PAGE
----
Teens Take Charge on Teen Council at MOCAD

For artistic high school kids, finding a place to grow, shine and belong can be tricky. And the Museum of Contemporary Art Detroit is doing something about it.

On Oct. 17, it's unveiling the new members of its Teen Council. First launched in early 2014, this crew of 12-14 kids creates a slew of programs for their peers.

It's the brainchild of Tylonn Sawyer, youth program director at MOCAD, who felt there wasn't a safe, fun place in Detroit for like-minded artistic teens to gather.

"They meet once a month to come up with artistic programs," he says. "In addition, we provide them with a unique artistic opportunity."

The council features mostly ninth to 12th graders. They come from as far as Clarkston, and hail from a variety of backgrounds. Teens apply for a seat. If elected, they can remain on until they graduate.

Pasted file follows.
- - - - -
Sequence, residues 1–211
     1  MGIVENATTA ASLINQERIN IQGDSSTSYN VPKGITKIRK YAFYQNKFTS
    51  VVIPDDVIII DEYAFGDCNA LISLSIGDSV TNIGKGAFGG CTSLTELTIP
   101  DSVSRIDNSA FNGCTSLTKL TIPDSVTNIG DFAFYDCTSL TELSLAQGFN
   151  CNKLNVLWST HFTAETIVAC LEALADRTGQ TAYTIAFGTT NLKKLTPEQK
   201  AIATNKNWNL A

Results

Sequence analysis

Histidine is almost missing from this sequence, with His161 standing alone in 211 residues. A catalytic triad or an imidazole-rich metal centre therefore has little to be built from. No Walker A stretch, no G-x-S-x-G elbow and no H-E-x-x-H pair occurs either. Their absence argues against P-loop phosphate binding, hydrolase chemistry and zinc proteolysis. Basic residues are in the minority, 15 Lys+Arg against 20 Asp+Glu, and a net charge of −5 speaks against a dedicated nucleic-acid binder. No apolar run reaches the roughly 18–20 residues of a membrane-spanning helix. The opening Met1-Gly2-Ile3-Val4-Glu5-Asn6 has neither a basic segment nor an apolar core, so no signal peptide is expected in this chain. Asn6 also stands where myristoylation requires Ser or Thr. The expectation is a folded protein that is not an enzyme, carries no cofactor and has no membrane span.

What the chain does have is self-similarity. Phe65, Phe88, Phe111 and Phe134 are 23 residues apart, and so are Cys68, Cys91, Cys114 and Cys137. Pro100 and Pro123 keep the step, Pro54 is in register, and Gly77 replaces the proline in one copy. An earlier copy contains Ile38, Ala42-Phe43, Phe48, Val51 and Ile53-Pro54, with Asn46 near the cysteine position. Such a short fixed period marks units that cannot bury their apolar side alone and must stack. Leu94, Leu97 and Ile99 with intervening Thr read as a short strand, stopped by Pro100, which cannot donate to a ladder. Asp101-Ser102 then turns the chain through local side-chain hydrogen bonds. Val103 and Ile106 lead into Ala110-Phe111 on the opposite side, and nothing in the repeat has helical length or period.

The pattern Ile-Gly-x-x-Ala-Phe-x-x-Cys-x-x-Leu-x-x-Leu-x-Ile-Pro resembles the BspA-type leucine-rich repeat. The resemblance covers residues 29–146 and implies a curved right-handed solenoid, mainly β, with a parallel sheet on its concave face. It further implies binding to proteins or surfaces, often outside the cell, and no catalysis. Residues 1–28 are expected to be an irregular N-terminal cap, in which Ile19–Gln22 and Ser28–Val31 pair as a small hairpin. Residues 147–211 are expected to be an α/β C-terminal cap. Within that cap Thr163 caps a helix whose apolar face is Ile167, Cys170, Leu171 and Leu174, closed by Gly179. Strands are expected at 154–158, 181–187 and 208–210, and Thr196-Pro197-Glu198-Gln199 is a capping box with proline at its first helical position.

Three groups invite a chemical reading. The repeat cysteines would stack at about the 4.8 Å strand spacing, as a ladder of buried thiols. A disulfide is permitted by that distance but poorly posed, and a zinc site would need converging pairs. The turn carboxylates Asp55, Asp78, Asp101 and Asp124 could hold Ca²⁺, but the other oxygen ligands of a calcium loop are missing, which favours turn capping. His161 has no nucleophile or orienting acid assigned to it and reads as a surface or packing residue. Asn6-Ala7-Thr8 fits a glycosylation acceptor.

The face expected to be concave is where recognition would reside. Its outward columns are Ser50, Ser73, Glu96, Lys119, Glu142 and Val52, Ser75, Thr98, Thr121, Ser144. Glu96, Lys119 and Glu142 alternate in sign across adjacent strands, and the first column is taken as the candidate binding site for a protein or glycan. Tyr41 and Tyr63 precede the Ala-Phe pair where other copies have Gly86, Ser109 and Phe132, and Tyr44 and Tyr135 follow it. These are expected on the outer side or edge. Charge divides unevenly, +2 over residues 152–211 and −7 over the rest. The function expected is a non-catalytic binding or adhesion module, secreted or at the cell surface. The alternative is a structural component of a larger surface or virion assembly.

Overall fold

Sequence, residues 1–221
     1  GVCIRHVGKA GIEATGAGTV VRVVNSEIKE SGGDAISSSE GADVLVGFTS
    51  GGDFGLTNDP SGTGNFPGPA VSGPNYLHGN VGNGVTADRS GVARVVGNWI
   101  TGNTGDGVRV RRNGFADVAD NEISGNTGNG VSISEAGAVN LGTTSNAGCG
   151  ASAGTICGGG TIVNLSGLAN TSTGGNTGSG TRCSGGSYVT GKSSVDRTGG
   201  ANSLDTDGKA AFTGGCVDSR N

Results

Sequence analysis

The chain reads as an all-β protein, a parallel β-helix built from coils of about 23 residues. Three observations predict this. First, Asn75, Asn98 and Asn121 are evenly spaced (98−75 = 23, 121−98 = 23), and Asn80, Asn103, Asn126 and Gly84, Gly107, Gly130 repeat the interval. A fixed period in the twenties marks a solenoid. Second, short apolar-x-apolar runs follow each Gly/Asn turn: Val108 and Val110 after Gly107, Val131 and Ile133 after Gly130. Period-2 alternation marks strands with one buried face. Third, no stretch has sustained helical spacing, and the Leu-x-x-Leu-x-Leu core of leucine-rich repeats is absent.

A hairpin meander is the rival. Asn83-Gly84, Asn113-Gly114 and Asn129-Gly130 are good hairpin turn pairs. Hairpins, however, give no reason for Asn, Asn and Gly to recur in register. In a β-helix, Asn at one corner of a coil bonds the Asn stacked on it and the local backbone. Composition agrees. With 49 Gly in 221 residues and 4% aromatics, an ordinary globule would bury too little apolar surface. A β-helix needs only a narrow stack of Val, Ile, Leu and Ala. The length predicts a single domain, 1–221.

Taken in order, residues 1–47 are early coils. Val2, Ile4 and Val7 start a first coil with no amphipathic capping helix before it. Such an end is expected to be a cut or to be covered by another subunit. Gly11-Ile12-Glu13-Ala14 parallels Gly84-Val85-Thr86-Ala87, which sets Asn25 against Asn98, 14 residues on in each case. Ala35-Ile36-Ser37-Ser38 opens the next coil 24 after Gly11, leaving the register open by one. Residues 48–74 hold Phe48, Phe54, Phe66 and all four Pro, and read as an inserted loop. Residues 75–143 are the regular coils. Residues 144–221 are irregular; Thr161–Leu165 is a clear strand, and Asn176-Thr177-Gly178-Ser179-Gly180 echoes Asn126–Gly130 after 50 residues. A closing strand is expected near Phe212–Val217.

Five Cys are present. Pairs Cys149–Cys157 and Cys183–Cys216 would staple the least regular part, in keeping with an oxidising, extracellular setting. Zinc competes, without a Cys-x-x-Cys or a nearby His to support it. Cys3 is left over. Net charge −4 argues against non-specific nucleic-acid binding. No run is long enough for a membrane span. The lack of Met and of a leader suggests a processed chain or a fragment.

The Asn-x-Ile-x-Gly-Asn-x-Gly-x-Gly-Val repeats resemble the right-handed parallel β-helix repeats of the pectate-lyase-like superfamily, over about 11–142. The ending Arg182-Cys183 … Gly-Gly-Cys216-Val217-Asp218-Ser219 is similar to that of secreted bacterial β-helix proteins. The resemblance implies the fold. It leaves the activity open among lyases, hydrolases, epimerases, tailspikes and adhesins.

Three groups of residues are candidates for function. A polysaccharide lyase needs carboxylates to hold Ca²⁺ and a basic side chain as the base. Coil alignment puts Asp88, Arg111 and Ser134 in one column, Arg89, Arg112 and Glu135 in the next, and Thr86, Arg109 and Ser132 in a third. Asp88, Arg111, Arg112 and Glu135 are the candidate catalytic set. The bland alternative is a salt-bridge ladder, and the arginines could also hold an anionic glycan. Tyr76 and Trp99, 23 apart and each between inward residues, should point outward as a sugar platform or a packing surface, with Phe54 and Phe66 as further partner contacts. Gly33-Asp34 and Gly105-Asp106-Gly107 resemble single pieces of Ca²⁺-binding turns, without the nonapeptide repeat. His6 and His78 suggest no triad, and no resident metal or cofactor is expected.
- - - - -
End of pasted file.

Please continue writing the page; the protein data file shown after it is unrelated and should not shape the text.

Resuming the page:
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During their stay, they get a chance to take workshops that would otherwise cost hundreds of dollars, meet with professional artists, fine-tune their artistic skills and hatch program ideas MOCAD brings to reality – all while getting paid.

"It takes the place of a part-time job," Sawyer says. "From January to September they did 50 events, which was the highest productivity of any department here."

That included a video game tournament Izora Roach, 16, of Detroit helped create. "I'm really into video games," she says. "It was really fun."

Roach's experience has helped her develop her chops, too.

"I was trying to break my habit of drawing anime, and while on the council I was able to get cartoony," she explains. "I developed my own style."

Her mother, Adrienne Roach, also saw positive changes. "Her ability to plan things is probably one of the most awesome parts of her involvement. She's able to complete pretty complex tasks without direction.

"It developed her as an artist and a person and a teammate."

Going into Teen Council's second year, Sawyer's goal is to keep things growing – and "get it to become a staple here in Detroit, so that everyone with young people will get them involved."

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